To Your Health: HPV (Part 2)
According to the Centers for Disease Control and Prevention, every year in the United States, 33,700 women and men are diagnosed with a cancer caused by HPV infection. HPV vaccination could prevent more than 90% of these cancers from ever developing.
SoutheastHEALTH reports that though the HPV vaccine has been available for more than a decade, the overall percentage of the number of girls and boys obtaining the vaccine is still low. In 2017, the national average was about 50 percent for girls and 42% for boys. In Missouri, it was far less, with 28 percent of girls and 11 percent of boys. Saint Francis family nurse practitioner Dolores J. McDowell states that the HPV vaccine is the only current immunization that protects against cancer.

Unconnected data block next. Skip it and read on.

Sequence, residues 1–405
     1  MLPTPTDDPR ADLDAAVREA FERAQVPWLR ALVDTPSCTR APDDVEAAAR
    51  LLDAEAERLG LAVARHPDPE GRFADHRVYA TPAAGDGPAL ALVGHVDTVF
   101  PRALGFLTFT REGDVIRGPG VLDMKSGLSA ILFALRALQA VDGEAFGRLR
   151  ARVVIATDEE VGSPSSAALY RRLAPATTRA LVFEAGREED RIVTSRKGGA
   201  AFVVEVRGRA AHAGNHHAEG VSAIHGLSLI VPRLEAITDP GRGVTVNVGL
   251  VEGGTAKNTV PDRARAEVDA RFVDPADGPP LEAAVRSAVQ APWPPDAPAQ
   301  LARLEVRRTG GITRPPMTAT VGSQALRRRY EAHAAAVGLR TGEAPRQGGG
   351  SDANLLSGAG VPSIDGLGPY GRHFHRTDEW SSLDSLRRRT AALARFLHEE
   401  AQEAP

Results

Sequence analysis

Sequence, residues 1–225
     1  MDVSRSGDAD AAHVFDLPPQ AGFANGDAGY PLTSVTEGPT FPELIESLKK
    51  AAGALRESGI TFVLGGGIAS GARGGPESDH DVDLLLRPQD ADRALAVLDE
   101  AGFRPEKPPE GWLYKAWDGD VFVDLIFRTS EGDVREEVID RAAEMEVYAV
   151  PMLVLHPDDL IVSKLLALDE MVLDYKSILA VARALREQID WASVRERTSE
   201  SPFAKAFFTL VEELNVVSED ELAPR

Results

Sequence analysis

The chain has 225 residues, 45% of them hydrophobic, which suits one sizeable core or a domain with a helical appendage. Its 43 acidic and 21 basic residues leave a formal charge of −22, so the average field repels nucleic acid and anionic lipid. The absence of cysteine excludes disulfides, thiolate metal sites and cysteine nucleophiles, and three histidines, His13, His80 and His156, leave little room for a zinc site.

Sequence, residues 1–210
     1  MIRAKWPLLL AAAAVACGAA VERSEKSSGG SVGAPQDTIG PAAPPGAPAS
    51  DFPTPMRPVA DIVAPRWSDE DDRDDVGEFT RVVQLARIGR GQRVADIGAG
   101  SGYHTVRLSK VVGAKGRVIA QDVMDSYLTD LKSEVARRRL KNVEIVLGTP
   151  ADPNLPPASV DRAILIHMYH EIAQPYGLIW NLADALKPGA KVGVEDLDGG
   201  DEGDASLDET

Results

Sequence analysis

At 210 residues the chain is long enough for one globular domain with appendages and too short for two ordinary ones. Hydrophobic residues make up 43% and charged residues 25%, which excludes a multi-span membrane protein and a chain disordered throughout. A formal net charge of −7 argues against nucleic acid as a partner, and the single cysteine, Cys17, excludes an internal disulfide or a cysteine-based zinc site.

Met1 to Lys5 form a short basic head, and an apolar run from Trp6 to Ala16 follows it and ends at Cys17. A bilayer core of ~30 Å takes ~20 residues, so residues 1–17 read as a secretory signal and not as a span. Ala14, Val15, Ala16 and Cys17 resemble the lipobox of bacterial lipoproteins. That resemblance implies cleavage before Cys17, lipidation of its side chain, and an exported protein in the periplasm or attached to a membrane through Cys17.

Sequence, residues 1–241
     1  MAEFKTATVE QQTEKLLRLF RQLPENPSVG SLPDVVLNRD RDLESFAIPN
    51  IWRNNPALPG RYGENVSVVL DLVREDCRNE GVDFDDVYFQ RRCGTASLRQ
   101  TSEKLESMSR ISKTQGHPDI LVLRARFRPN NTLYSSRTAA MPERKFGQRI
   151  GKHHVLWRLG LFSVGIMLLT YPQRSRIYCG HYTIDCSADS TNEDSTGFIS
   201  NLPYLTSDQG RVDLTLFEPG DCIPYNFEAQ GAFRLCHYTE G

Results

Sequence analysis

So, why aren’t people getting the vaccine? The Journal of Ethics described several reasons, including worrying that vaccination promotes promiscuity, fearing side effects, and suspecting pharmaceutical companies achieved FDA approval through corporate influence. No research has shown an increase in sexual activity as a result of the vaccine, the side effects are similar to other vaccines, and, most importantly, the HPV vaccine has been proven safe and effective.
Area pediatricians are encouraged to follow CDC guidelines and recommend the HPV vaccine to 11- or 12-year-olds in the same way and on the same day as Tdap and meningitis vaccines. Completing the HPV vaccine series at this age provides two major benefits: the immune system of young adolescents responds best to provide protection and the vaccine must be completed prior to HPV exposure.